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A Chinese Academy of Sciences El Niño-Southern Oscillation Model

Paper Reviewed
Su, T., Xue, F., Sun, H. and Zhou, G. 2015. The El Niño-Southern Oscillation cycle simulated by the climate system model of the Chinese Academy of Sciences. Acta Oceanologica Sinica 34: 55-65.

Working with a more than 200-year simulation of the climate system model of the Chinese Academy of Sciences (CAS-ESM-C), Su et al. (2015) write that they "evaluated the model performance in simulating the ENSO cycle, with a focus on the developing and decaying processes." And what did they thereby learn?

In the words of the four Chinese researchers, they say, compared with observations, that (1,2) "the simulated ENSO exhibits a much stronger amplitude and shorter period of 2-3 years," that (3) "the model overestimates the westerly anomaly in the equatorial western Pacific," that (4) "the El Niño tends to develop faster," along with (5) "a faster eastward propagation of the subsurface warm anomaly," that (6,7) "a cold water anomaly and an easterly anomaly are found in the western Pacific," that (8) "this mechanism is only effective for a strong El Niño event," that (9) "the response in the model occurs more frequently," due to (10) "an overestimated intensity of the El Niño," that (11) the "more frequent occurrence of the ENSO in the model is closely related to a shallower thermocline," which (12) "speeds up the zonal redistribution of the heat content in the upper Pacific Ocean," and that (13) "the shallower thermocline can be attributed to the weaker wind stress in the equator."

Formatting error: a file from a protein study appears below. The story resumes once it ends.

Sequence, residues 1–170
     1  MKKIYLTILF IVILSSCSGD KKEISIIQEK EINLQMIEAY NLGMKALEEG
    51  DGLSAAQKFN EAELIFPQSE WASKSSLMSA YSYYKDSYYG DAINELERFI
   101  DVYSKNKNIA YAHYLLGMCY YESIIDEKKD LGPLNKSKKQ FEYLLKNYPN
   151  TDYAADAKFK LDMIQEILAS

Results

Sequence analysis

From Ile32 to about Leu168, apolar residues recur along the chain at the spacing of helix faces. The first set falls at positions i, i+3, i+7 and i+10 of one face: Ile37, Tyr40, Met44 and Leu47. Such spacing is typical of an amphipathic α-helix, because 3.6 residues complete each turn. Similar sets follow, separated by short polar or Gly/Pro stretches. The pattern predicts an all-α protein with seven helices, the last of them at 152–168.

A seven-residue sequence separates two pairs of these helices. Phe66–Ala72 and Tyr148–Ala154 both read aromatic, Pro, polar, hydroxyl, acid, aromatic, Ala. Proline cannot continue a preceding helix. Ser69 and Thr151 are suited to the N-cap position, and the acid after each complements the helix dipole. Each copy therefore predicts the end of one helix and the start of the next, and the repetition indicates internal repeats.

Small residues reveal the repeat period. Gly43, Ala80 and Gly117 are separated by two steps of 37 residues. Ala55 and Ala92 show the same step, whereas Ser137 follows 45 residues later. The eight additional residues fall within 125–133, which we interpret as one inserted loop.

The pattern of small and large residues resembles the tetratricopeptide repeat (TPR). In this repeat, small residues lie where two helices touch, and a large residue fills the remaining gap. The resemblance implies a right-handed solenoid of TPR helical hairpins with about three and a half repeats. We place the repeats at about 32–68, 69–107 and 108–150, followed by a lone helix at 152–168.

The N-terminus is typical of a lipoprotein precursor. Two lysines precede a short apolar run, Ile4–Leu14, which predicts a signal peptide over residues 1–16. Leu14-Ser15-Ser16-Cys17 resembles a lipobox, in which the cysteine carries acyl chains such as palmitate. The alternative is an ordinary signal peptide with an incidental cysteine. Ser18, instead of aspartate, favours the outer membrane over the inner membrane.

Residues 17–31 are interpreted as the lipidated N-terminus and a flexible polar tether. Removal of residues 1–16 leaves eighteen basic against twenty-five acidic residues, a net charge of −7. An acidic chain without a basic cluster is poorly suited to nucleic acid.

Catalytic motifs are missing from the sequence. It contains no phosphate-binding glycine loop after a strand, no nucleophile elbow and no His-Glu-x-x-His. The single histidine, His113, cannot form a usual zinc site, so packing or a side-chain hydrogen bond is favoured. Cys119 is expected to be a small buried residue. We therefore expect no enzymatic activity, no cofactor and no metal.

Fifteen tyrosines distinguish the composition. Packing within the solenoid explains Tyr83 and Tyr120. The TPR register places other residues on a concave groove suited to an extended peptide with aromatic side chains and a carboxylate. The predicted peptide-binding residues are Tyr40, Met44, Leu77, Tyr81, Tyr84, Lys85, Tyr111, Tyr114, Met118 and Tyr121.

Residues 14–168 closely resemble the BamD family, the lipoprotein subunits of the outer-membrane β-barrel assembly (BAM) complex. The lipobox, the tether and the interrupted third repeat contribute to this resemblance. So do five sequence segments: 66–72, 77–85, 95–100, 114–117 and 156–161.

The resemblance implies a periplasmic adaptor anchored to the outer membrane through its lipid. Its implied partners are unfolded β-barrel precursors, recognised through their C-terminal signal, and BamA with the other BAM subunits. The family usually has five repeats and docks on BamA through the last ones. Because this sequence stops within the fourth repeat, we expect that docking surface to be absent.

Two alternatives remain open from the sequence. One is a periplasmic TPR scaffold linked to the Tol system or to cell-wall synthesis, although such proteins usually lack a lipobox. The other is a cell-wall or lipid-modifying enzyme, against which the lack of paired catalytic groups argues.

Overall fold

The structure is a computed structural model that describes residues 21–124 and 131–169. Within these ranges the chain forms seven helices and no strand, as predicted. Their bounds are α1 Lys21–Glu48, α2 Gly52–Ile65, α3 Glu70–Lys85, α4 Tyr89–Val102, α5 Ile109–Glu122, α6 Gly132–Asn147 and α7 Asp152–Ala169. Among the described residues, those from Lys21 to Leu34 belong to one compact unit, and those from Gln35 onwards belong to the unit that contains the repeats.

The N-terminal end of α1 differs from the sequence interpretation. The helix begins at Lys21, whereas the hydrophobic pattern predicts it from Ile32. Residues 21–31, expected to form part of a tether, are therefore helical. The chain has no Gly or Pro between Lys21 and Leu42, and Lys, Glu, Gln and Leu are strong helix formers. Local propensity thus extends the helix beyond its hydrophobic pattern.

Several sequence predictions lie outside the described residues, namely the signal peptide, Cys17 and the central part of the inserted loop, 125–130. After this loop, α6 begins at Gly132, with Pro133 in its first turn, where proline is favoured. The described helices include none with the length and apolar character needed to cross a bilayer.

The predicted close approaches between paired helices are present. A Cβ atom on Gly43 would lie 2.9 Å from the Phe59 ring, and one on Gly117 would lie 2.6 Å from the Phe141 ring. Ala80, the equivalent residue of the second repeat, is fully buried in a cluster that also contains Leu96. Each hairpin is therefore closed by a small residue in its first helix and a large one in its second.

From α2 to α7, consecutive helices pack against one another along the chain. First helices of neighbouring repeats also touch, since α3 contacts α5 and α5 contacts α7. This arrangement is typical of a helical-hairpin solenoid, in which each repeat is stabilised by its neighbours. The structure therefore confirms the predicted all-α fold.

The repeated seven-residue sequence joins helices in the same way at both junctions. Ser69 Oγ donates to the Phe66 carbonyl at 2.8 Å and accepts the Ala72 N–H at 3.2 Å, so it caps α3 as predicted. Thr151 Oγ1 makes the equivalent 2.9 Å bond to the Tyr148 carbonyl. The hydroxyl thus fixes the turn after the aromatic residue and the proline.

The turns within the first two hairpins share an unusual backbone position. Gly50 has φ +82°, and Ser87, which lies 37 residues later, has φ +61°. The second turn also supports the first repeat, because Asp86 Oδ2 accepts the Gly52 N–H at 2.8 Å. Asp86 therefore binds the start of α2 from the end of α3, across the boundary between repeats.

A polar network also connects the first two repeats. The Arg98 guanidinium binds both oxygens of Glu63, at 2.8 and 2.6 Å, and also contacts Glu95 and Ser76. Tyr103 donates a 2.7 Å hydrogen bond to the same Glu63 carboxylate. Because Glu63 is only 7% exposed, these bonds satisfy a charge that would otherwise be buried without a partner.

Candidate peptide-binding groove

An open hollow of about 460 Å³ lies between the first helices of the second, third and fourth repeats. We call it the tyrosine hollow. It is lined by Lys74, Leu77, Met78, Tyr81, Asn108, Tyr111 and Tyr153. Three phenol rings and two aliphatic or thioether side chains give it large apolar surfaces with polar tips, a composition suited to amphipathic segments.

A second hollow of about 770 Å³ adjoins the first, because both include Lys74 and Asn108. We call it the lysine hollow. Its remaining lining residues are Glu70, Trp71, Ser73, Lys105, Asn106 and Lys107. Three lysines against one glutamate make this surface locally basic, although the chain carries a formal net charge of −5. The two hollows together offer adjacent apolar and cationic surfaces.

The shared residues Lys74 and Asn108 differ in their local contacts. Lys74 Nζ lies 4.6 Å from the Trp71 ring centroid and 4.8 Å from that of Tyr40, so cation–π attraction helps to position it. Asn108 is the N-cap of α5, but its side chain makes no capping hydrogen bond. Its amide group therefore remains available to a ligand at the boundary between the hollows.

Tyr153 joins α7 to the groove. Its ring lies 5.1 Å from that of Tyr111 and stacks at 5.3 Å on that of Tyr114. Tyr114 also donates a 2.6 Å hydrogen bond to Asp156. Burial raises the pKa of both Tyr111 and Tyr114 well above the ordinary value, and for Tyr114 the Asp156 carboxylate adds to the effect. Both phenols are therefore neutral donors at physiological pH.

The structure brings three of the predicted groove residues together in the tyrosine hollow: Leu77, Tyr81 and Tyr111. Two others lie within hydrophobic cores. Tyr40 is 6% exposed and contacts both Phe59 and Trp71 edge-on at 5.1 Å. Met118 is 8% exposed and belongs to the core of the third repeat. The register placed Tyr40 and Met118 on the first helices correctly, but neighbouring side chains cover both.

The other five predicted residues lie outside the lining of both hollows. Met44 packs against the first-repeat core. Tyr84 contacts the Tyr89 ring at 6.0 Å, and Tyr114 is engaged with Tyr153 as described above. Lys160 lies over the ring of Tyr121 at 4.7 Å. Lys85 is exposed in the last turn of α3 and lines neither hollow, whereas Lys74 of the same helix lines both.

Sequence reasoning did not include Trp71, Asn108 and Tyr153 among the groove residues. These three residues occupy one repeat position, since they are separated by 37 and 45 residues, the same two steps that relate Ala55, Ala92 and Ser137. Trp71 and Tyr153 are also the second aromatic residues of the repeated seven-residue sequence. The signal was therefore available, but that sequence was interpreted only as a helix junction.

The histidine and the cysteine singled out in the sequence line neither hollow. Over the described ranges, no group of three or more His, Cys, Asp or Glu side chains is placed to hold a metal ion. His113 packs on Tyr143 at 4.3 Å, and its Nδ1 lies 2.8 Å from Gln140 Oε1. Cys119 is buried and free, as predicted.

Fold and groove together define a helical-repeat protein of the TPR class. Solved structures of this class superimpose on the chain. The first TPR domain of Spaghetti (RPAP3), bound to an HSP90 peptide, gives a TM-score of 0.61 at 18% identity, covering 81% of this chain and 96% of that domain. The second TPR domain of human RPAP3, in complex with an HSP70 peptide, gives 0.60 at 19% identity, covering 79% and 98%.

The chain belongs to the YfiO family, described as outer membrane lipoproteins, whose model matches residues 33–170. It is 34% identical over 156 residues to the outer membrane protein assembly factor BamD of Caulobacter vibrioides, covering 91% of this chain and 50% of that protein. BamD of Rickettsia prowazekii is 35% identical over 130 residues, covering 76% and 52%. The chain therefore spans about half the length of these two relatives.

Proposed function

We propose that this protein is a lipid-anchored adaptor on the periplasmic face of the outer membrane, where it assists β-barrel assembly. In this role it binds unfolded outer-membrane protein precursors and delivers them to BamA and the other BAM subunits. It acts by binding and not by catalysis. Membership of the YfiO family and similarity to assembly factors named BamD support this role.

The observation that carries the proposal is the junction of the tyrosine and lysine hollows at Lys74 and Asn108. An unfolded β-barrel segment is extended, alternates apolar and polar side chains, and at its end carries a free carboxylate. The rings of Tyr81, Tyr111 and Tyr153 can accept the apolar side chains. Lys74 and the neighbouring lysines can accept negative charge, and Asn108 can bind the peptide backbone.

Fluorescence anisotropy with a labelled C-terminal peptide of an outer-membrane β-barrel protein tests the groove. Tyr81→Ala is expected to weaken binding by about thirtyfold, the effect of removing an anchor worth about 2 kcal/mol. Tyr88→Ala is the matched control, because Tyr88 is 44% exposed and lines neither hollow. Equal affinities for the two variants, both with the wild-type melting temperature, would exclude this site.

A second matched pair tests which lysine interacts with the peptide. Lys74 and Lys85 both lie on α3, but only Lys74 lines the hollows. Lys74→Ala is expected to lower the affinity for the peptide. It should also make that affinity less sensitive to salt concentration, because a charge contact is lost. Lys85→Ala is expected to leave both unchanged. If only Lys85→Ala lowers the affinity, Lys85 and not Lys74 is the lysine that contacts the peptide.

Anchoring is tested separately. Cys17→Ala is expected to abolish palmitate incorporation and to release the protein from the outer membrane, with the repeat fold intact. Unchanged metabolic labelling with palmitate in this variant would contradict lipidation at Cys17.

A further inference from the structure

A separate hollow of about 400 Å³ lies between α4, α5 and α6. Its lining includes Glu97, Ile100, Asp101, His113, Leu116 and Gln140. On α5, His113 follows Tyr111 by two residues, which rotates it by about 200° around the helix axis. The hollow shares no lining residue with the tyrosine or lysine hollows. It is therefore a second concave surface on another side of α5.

In light of this set of unfortunate findings, Su et al. thus -- and quite unsurprisingly -- conclude that "it is necessary to improve the wind bias in the model." And so it is.

Posted 5 May 2015